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New Growth

A revived Citizens to Preserve Overton Park fights for 17 acres of old-growth forest.

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The first time Citizens to Preserve Overton Park dug its heels into the Midtown park, it beat back an expressway, changing the face of Memphis.

This time around, the group is fighting to preserve the same area of old-growth forest, but the threat is much closer to home.

Originally founded in 1957, Citizens to Preserve Overton Park was revived several months ago when several park-users noticed that four acres of forest near the Memphis Zoo had been felled.

"We were shocked by the clear-cut the zoo did for its Teton Trek exhibit," says Naomi Van Tol, one of the organization's new leaders. "We didn't want to see it happen again."

Van Tol lives half a mile from the park and takes her 2-year-old daughter there two or three times a week to play on the playground or go to the zoo.

"I went to the zoo with my toddler and saw bulldozers and backhoes cutting down trees," Van Tol says. "For about three weeks prior to seeing that, the Northwest Passage had been closed off, so I hadn't been to that corner of the zoo. ... By the time it reopened, most of the trees were on the ground."

The zoo says it did not clear-cut the area but protected trees that could be included in construction plans. But the construction came as a surprise to Park Friends, an advocacy group that considers Overton Park its primary focus and includes a representative of the zoo on its board.

In a statement on its website, Park Friends says it became aware of "an extreme level of tree clearing" only after the damage was done: "Because of the impact of the tree cutting on the contiguous forest and the Zoo's disregard for the environment outside their boundaries, Park Friends is compelled to voice our concern and disappointment that an organization with such a connection to the environment would disregard the very tenets we assume it espouses."

More concerning to Citizens, the zoo controls an additional 17 acres of undeveloped old-growth forest. The area has been behind a chain-link fence for about a decade and is land the zoo plans to one day use for its expansion.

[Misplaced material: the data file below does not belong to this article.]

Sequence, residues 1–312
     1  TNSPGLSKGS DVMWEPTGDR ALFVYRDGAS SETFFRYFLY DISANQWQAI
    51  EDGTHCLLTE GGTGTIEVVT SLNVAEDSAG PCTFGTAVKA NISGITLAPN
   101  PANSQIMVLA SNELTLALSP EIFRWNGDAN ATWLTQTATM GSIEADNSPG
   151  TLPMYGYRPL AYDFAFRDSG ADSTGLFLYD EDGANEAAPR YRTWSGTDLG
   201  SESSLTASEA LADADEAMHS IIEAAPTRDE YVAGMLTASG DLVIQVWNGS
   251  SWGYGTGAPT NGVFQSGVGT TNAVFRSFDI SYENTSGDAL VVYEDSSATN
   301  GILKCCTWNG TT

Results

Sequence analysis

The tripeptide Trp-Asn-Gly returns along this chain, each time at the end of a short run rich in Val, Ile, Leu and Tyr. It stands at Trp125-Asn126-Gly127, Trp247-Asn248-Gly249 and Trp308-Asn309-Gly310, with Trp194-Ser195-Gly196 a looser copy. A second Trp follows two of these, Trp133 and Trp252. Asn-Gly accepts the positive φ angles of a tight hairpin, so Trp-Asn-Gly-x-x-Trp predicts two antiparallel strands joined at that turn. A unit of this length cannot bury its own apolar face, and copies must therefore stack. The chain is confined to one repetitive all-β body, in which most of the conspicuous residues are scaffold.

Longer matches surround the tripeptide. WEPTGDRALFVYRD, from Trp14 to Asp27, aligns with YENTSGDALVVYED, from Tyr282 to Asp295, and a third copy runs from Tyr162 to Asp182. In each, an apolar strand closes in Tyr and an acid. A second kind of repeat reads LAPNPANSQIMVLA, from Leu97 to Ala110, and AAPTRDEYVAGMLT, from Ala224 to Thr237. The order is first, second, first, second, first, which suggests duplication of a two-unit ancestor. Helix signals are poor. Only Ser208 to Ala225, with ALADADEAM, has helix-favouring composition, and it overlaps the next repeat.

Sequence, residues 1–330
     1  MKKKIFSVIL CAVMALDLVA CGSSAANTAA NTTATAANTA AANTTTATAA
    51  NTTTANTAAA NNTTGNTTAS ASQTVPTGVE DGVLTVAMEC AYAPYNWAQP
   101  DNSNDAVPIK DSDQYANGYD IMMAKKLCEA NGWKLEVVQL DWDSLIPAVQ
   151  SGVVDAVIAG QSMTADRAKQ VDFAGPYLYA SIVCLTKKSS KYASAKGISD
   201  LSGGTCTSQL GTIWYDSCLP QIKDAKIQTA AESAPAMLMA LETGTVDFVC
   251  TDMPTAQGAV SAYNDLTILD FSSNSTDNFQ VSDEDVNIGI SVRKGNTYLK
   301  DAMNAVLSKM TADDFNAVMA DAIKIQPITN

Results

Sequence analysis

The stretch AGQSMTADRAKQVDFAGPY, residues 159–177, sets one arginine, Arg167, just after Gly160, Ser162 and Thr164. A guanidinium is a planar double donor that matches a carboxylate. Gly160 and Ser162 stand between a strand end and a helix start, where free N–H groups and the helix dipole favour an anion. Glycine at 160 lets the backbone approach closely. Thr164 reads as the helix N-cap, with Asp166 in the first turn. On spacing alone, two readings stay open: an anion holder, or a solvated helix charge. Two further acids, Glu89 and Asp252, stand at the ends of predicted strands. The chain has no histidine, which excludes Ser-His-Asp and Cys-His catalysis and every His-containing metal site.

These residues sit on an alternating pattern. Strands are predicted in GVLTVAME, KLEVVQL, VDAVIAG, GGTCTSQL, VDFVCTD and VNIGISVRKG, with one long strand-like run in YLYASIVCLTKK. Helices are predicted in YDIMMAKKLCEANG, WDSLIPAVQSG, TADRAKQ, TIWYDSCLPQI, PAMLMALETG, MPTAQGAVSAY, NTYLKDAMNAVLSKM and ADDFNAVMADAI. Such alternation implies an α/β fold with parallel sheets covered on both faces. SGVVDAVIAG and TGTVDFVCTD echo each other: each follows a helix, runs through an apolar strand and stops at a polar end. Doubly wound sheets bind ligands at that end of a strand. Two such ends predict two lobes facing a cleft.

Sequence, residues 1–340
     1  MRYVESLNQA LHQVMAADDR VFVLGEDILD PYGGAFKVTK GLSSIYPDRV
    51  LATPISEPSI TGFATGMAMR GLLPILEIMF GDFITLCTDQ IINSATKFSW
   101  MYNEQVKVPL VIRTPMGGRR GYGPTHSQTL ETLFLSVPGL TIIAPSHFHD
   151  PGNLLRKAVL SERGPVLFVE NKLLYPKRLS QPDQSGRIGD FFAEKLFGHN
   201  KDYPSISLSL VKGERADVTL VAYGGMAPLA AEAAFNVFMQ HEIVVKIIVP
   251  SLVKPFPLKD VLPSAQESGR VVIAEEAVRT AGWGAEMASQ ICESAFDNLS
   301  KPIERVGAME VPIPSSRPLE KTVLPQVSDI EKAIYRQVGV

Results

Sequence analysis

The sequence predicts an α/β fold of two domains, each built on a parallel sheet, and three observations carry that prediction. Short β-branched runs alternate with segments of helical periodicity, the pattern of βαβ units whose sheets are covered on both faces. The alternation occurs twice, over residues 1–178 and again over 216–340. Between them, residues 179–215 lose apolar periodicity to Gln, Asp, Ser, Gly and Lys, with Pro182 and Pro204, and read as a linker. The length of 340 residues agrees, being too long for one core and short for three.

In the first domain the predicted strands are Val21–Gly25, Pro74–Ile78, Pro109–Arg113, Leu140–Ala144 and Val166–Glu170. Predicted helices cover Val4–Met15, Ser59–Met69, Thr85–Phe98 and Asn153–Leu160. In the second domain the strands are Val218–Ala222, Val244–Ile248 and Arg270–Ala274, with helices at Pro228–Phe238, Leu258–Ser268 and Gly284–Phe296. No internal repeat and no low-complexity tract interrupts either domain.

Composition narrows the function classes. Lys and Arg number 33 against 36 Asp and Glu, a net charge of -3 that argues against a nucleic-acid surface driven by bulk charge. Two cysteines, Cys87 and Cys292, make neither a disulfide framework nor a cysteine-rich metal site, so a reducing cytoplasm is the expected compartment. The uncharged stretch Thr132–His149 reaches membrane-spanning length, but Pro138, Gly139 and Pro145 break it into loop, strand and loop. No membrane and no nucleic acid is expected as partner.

"This was something that obviously was beneath a lot of people's radar," Van Tol says. "Somebody needed to bird-dog the zoo and keep an eye on this."

Van Tol and a few others decided the best idea would be to revive Citizens to Preserve Overton Park. So far, about 60 people have signed up to be members.

On a recent Saturday, about 15 people met for one of the group's monthly hikes on Overton Park's old-forest trail. It was a beautiful morning and once on the lush trail — a onetime bridle path — the forest was cool and inviting.

Van Tol, the hike leader, pointed out different varieties of plants, including poison ivy, grape vines, stinging nettle (don't let it touch your bare legs), and baby oaks "waiting for their chance" to grow into trees should a spot in the forest canopy open up.

At one point, the hikers climbed over a tree fallen across the dirt trail; at another, they ducked underneath one.

Near East Parkway, a siren wailed in the distance, but for the most part it was calm and quiet.

"You feel like you're in the middle of nowhere, but you're in a really small forest," Van Tol says. "When humans first came here, this is what they saw. ... This is a link to the natural system."

After the hike, Van Tol led participants past the fenced 17 acres and to where the Teton Trek exhibit is being constructed.

Roy Barnes began making maps of Overton Park for the group and recently joined the board. He's now waiting for updated Google Earth images of the park so he can contrast before and after shots of the Teton Trek area.

"People won't be able to hide — it will be obvious what's happened," he says. "If the fence means we own it, we control it, now they've shown the danger of what that power is."

The group hopes to convince the zoo to take down the fence, let park users go there, and not develop it.

"The four acres is gone; we can't bring that back," Van Tol says. "We think the zoo has plenty of space to improve and expand within its current boundaries. They don't need to keep moving outward. It's a very suburban model."

Citizens to Preserve Overton Park will host a public meeting Thursday, June 5th, at Rhodes' Blount Auditorium from 7 to 8 p.m. for interested parties.

"We're paying tribute to the people who worked so hard to protect what we have today," Van Tol says. "We're finishing their work."

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